It’s almost thirty years old and sometimes it feels that way, but it’s still big news: Microsoft is discontinuing WordPad. The word processor was always built into Windows, but that is now coming to an end.
Microsoft advises avid WordPad users to switch to Word, the company’s ‘real’ word processor (which has also been around for quite a few years: it celebrates its 40th anniversary this year). Wordpad has been used since 1995 and it has been a tool included with Windows since day 1. However, in 2019 it only became an option that you could choose yourself by downloading it separately (you could do that for free), just like Paint, the drawing program from Microsoft that is also very popular in its simplicity.
Because simple, that is WordPad. You could even say that the tool has not really developed along with it in all those years. The same – albeit to a lesser extent – also applies to Paint. There are so many more things you’d like to be able to do with it without needing to be a full Photoshop experience right away, but the tool has always remained simple. That also makes it very accessible: you know what you’re getting.
Take notes within Windows
WordPad was born when the immensely famous Windows 95 appeared. Microsoft has not said why the tool will soon disappear completely, but it probably has to do with the fact that Word is used more often and can do more, and is a frequent guest on many Windows systems. However, the big difference is that you have to pay for Word, which you didn’t have to pay for WordPad. However, there is another tool left in Windows that is nice and simple: Notepad.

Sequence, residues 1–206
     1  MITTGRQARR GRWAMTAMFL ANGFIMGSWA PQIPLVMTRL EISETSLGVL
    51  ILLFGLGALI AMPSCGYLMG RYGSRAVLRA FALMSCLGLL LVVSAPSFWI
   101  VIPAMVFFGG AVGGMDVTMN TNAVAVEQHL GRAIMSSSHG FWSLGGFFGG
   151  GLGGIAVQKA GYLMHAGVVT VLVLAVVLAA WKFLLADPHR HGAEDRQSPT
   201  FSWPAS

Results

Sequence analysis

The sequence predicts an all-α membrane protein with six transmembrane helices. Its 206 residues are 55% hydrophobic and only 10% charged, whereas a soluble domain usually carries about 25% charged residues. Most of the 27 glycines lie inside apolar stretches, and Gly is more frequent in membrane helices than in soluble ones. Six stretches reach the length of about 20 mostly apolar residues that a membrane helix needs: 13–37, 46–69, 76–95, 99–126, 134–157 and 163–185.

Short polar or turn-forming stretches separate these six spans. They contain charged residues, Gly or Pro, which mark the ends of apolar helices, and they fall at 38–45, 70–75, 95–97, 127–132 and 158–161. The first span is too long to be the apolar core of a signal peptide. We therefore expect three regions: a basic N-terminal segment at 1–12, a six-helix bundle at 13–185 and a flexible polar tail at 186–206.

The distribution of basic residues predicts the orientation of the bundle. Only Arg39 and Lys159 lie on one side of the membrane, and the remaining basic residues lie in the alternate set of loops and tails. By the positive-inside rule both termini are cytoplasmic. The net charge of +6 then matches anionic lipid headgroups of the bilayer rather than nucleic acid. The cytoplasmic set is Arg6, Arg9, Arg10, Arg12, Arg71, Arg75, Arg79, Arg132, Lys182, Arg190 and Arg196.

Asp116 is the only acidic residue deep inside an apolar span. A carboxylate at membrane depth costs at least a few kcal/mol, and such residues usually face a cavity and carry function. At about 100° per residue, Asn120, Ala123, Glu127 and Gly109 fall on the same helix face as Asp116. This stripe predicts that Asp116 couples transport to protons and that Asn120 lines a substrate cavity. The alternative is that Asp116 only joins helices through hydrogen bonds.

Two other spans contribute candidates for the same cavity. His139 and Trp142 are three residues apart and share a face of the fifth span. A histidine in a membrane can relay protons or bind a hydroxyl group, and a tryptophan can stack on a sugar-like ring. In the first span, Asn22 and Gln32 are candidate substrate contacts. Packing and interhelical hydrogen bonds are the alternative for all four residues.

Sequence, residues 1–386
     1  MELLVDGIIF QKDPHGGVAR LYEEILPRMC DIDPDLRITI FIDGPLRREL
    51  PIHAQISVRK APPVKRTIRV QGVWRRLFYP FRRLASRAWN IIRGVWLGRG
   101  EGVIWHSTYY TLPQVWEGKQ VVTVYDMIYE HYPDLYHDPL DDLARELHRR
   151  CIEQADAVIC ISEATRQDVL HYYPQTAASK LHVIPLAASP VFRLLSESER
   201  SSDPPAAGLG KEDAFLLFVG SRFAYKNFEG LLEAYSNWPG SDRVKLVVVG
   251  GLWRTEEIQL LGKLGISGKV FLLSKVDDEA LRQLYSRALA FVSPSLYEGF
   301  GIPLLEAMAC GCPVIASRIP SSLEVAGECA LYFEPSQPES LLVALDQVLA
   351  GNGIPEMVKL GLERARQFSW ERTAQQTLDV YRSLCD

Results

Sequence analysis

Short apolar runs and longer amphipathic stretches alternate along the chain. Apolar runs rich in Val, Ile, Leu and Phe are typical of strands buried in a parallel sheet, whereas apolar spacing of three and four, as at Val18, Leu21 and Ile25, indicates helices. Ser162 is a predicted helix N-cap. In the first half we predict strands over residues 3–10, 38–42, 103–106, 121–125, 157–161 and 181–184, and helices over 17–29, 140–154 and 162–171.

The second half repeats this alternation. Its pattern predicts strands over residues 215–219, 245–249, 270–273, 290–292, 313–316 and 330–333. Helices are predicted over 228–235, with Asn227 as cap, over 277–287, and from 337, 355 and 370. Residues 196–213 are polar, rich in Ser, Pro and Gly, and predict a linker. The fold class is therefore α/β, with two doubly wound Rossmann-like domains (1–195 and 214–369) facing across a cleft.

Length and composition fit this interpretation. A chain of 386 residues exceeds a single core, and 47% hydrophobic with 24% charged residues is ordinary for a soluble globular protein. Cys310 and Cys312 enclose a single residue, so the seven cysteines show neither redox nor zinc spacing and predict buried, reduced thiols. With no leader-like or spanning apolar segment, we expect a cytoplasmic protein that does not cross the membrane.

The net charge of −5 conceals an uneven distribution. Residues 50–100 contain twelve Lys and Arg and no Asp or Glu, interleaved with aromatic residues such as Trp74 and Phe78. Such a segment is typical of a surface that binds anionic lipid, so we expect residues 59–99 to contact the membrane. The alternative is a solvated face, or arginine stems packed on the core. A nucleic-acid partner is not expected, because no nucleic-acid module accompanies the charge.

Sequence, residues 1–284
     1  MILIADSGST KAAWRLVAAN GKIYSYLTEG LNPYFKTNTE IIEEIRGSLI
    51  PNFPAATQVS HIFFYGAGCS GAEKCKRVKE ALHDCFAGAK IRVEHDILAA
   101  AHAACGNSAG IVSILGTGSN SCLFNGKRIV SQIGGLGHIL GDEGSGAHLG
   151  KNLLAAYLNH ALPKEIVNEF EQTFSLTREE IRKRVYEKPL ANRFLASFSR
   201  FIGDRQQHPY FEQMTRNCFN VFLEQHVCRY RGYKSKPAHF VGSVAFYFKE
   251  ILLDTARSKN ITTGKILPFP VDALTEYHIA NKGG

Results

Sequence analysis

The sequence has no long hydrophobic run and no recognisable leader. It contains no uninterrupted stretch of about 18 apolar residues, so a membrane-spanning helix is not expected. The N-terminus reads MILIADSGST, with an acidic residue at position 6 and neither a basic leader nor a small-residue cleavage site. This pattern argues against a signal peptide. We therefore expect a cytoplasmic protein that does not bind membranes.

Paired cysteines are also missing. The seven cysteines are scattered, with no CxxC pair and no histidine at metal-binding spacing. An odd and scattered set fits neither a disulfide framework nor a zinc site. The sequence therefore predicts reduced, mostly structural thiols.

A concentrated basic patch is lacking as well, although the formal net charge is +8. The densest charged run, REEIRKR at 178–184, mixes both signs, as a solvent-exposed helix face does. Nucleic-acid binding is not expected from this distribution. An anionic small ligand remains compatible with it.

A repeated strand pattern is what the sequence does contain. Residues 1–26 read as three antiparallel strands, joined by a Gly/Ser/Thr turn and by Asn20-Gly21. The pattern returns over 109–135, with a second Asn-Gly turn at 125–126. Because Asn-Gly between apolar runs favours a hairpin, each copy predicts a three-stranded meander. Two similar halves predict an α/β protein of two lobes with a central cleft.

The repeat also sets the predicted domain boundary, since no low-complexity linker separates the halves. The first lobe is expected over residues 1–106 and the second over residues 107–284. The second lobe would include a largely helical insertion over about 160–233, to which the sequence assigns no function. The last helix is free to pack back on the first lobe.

Some people think those two tools are the same, but they are not. WordPad was a separate program from Notepad. Notepad is a very useful tool if, for example, you want to remove text formatting or temporarily paste text for later use. Microsoft therefore indicates that with the discontinuation of WordPad for .doc and .rtf files it is best to go to Word, while Notepad can be (or remain) your tool for .txt documents.
When exactly Microsoft pulls the plug, that is still unknown. In any case, it’s about to happen in an upcoming release of Windows.